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I went on with my day and met the university staff at the station. He drove me to the dormitory. Or tried, for 30mn. I like to be organized so I had look some time before where was the dormitory. I have been to Nagasaki before and understood where it was. When the guy turned around for the 3rd time, I started to cringe. He kept saying in his beard that the whole situation was ’embarrassing’ as he kept pulling over to look at a touristy map. I didn’t want to worsen the atmosphere but I tried suggesting to turn left at a certain point. He brushed it off because y’a know, I’m a foreigner, what do I know about directions in a city that’s not mine? So I just waited, in the back seat, with a stinging and heavy heat. I had bought some can-coffee and drank it while he was out asking everyone the way. After the 5th time of going in front of that damn street, where you could see the damn buildings of the damn dormitory, he took the turn. And we arrived. After 45mn of struggle for a normally 15mn journey.

I got given the key of my apartment and entered. The room was small with minimum furniture. The 3 other Japanese were nowhere to be seen, but I could sure see their shoes and stuff everywhere in the living room. I arranged everything and went for a walk downtown to buy what was missing. It was an hour walk but damn, how did I forget the looming heat? The nice 5km walk became a tiresome exercice and I stopped in shops every km just to get some fresh air.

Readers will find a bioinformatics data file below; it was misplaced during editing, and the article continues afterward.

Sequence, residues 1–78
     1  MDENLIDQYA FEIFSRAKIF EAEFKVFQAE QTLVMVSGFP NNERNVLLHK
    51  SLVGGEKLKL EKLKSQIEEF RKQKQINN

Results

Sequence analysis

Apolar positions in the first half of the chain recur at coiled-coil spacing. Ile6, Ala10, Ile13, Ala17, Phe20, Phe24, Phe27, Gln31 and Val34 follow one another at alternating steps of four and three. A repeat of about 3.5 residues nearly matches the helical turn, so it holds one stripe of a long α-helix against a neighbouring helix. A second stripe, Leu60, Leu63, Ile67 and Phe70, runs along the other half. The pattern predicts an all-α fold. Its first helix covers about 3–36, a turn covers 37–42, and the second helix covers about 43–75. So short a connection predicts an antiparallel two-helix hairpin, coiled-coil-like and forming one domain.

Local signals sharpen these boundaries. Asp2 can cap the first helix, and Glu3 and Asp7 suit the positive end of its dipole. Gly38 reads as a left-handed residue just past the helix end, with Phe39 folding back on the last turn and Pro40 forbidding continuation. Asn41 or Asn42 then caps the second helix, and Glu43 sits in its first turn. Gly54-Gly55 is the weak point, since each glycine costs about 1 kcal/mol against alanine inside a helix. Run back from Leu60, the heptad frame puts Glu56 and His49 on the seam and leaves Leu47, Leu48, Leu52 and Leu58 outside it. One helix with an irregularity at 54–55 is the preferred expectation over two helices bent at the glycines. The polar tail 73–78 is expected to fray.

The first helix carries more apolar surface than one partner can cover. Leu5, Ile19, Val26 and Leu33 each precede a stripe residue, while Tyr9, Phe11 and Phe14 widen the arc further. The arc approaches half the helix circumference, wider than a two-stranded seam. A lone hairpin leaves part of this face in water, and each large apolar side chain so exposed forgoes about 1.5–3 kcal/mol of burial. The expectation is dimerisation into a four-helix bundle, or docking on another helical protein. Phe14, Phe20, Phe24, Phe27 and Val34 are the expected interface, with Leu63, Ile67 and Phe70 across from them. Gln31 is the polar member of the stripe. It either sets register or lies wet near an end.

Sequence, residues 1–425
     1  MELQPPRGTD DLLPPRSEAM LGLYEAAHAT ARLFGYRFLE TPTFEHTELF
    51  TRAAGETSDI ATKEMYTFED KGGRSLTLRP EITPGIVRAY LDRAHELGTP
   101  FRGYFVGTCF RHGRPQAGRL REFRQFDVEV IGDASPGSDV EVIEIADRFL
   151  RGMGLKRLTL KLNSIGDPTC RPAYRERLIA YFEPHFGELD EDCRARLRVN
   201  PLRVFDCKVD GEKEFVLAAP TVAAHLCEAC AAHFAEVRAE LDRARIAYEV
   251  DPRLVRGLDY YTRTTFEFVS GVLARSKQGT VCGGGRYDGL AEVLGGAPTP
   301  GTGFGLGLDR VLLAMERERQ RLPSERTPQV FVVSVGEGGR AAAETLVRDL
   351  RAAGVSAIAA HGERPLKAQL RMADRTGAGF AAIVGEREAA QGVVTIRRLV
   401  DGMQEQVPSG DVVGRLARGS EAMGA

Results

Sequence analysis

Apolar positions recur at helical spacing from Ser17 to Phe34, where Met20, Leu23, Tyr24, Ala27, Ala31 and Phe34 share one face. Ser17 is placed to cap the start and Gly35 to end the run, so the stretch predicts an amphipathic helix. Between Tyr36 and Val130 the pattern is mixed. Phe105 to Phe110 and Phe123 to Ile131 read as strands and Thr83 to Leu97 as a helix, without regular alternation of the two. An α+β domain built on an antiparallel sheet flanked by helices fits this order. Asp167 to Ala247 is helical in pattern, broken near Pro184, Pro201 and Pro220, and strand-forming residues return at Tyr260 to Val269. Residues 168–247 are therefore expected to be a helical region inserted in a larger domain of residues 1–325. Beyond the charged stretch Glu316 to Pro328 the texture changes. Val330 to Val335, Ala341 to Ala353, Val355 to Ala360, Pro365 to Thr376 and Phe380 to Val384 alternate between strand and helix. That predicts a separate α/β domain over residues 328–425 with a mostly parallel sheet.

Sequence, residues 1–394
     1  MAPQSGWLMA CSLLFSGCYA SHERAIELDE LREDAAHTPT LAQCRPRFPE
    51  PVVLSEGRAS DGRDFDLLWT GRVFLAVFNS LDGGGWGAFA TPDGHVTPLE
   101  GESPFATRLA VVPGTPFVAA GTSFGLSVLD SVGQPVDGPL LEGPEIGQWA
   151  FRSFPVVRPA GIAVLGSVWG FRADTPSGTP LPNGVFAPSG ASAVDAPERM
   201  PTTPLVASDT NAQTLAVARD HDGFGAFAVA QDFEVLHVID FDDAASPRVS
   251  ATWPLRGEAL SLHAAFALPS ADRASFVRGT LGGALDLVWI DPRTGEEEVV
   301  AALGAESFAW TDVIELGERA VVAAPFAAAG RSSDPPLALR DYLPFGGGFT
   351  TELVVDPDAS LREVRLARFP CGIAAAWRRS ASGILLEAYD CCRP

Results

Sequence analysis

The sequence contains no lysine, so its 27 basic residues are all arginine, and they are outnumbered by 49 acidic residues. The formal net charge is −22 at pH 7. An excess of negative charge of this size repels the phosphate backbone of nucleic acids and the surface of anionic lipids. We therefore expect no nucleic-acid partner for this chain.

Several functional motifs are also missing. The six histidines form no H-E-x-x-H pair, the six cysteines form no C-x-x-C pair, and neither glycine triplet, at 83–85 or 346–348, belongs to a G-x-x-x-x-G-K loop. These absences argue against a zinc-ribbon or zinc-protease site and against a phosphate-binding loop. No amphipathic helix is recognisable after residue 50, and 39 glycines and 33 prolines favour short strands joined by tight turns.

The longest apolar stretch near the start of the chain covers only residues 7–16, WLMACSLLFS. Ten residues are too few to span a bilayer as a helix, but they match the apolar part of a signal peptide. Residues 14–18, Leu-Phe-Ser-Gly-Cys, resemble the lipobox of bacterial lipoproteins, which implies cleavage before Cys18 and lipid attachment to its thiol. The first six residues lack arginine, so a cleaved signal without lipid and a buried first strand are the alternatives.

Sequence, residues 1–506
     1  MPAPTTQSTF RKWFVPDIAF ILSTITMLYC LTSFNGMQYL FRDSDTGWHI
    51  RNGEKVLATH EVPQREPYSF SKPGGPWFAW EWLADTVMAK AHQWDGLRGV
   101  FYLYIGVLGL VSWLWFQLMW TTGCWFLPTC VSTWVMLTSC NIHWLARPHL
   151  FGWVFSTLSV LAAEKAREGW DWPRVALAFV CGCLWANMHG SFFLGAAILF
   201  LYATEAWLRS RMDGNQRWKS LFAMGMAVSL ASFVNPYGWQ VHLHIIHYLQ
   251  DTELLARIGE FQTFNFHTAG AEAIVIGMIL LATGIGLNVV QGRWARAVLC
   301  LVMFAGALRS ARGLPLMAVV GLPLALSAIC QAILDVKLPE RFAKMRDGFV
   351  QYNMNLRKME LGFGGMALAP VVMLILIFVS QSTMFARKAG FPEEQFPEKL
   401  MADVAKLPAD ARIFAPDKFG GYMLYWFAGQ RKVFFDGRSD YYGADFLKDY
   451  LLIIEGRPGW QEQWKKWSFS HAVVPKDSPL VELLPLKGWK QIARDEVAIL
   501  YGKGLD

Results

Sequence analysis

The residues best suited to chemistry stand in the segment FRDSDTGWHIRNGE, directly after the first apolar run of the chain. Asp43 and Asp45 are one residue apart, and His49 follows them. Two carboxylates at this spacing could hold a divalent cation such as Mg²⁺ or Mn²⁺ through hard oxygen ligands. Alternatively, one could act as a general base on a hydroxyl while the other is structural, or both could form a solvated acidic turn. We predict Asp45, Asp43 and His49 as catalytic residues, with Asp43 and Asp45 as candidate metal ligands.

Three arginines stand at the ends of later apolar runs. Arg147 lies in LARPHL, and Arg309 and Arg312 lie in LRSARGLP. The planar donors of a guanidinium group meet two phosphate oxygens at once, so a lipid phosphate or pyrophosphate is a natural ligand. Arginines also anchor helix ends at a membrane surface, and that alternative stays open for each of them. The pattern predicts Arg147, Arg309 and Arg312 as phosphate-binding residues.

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Once the 1oo-shop reached, I did a bit of shopping and got out with a huge bag. I took the tram back home and on the way saw another student from my university. I offered her to accompany me to the supermarket later in the afternoon. We went and did some grocery shopping before heading home. Life happened and she realized she forgot her room code and couldn’t access it anymore. We tried every combination possible, we called the numbers given by the university but the emergency number wouldn’t answer (it brings vague memories of university housing in Holland…). We finished by calling a guy from the housing service who didn’t know what to do for us and offered her to sleep in her living room while she finds a solution. The university was closed till Tuesday (because three-day holidays till Monday!) and she felt so depressed that I pulled her to get ramen nearby and just forget about it. The owner was casually watching boxers on TV while eating his own bowl of ramen when he saw us coming. He promptly got up and served us with a warm smile. His shop was peculiar but we got delicious ramens and he let use the telephone in order to call one more time the emergency number with no luck. We kind of came to the suggestion that she should take a trip for 3 days just to get out of Nagasaki and the dormitory, may it be for moral sanity only.

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We finally came back to the dormitory and saw two women running towards us. Bingo, they had the code for the room.

 

I’m back in my apartment now. I think I have a few more days before the other roommates arrive. No idea what I will do this weekend but I’m already set up. I heard a typhoon is coming so I’ll see how things will turn.

 

But I wouldn’t mind some more troubles. They bring out a lot of kindness in people and good stories to tell.